Jun 13 2015
In the storage area next to my work room there’s a set of shelves that nobody ever touches, principally because it’s tucked in a corner and laden with musty old piles of dust-shrouded paper, four or five inches thick, that no sane person would want to risk disturbing. Some of the piles are boxed, some are wrapped as parcels, and the rest are simply nondescript wads of old draft manuscript. The boxed ones, though, are Master Files of a kind that no one ever uses any more, so they are, quite literally, pieces of history, albeit a tiny, arcane sliver of history recognizable only to writers and editors who can remember the days before computers revolutionized the publishing industry.
Sophisticated word-processing technology makes it possible today to prepare a new book for publication completely on-line, via email and without a single paper page being printed before the book is typeset. But that’s theory rather than practice, and it doesn’t work for me.
I’m not comfortable attempting any substantial on-screen editing in the early stages of writing a new book. I prefer to print off a hard copy of what I’ve written each day, double-spaced for convenience and legibility, and then edit it with a pencil in my hand, because I can see the changes I’ve made far more plainly and clearly that way than I ever could on a computer screen. I can make minor edits easily on-screen once the book is finished and I’m interacting with an editor, but up front in the early stages I’m happier editing with a pencil, on paper. And that’s what’s so interesting about these Master Files I have in storage.
When that File system was in use, as recently as the late 1990s, everything went by mail. It was the only truly reliable, inexpensive system we had for shipping large, bulky documents.
So I would write my book and print it—a paginated, double-spaced first draft manuscript anywhere from 800 to 1100 pages long that spooled off a hideously expensive laser printer at about eight pages per minute—in those days that was fast!—then ship it off to my editor in Toronto. And after about a month, the mailman would bring it back to me with a profusion of little yellow Post-It notes sticking out from the edges of the typescript pages.
Every one of those notes contained a suggestion, or a question or a comment dealing with some aspect of the novel, and every one of them had to be answered individually. There were no exceptions, because even if my response was a quibble or an outright rejection, it had to be registered on the original manuscript. At that earliest stage, most of the notes led to rewriting (sometimes rearranging) whole segments and sections, all of which had to be incorporated into the revised document by cutting and pasting, and so the manuscript grew inexorably thicker, and started to become ungainly. But I would deal with it, and eventually ship the package back for approval.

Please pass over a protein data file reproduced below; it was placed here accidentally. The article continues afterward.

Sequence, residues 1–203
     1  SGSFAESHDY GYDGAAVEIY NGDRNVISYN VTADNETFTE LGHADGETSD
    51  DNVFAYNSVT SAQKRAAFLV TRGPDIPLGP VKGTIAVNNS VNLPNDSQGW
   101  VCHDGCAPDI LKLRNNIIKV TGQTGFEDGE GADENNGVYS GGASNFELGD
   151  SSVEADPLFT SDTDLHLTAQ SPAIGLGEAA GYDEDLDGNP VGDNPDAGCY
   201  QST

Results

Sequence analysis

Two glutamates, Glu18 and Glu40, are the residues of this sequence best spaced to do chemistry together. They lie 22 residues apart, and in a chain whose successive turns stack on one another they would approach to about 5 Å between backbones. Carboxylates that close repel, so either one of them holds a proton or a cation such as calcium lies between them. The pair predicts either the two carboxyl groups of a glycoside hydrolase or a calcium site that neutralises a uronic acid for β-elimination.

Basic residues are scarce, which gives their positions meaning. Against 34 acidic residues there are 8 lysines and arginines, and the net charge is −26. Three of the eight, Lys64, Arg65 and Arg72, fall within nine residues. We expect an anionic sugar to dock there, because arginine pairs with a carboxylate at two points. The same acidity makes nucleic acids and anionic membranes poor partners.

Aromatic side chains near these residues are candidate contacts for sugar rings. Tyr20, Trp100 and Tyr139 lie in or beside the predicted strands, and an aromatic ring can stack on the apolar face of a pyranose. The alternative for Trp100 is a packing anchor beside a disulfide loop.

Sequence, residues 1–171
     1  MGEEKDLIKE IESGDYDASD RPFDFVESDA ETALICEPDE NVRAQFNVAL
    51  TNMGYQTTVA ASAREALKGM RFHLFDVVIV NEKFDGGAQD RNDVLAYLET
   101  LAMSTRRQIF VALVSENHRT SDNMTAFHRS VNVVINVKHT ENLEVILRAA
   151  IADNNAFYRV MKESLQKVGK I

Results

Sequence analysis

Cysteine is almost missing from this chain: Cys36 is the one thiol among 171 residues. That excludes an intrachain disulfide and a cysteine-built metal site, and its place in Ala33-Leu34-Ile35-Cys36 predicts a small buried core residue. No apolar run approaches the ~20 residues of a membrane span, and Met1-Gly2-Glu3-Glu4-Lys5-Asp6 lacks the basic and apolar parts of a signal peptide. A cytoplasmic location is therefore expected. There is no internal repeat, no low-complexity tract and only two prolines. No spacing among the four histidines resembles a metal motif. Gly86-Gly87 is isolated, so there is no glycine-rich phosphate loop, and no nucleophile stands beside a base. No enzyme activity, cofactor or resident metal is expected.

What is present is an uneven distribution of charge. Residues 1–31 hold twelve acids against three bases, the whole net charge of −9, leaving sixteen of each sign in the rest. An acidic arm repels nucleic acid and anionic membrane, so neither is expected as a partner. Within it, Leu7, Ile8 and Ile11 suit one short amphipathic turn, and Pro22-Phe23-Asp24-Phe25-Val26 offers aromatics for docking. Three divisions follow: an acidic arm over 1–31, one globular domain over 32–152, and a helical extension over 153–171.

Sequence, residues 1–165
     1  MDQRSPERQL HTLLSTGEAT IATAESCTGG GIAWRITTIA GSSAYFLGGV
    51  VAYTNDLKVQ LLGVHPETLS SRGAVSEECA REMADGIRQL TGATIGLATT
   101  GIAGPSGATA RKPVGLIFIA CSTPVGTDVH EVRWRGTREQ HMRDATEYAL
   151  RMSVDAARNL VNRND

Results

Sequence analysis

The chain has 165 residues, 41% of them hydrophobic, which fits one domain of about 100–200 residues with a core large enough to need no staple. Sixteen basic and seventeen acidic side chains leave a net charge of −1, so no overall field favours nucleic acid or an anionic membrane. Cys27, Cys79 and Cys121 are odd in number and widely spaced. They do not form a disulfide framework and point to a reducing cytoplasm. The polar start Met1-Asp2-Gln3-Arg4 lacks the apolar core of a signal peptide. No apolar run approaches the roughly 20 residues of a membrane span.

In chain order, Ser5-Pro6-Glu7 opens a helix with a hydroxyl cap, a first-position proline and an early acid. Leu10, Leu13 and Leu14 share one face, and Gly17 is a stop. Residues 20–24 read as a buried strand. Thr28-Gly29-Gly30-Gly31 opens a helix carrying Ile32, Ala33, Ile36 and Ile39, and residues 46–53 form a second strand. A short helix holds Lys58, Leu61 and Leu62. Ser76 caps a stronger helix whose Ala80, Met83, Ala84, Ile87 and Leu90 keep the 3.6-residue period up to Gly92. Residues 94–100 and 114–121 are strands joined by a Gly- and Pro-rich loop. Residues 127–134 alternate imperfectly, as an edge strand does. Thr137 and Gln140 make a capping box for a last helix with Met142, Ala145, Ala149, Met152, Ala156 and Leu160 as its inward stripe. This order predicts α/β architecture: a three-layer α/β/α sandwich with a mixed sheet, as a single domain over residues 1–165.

A month or so later it would come back again with all the yellow Stickies still in place, but now they were augmented with blue ones, and the entire process was repeated, and then repeated again as necessary until eventually the bulk of the manuscript had virtually doubled, thanks to all the cutting and pasting, with each edited draft denoted by differently coloured Notes: yellow, blue, pink, green and eventually white, which I remember as always being the final draft. By then the bundle was invariably unmanageable, unbalanced, and inconvenient to work with, since one had virtually no chance of separating the disparate pages into neat, manageable piles.
But then one day a different package would arrive, neat and startlingly uniform, containing galley proofs—a complete set of finished, typeset pages, with chapter headings, page headers and numbers, and all the welcome signs that this story was really going to become a bona fide Book. There were still changes to be made—typographical and proofing errors to be corrected, maps to be inserted, and dedications and acknowledgments to be added, but essentially the work—and the Master File—was complete.
When the published book appeared several months later, though, it always came as a delightful shock, because in the editing process, I had lost sight of the book as a whole, focusing on progressively smaller production details, and finicky, nit-picky quibbles brought up by one production person or another.
Now, though, looking at one of those original Master Files, I shudder to think what would have happened had one gone astray in the mail, for each one was irreplaceable, intricately and painstakingly assembled by an entire team of people and containing years of man hours and effort. Each was unique, comprehensive and priceless, and there were no duplicates. And yet I’ve never heard of one being lost, which calls for a “Bravo” for Canada’s too-often maligned Postal Service.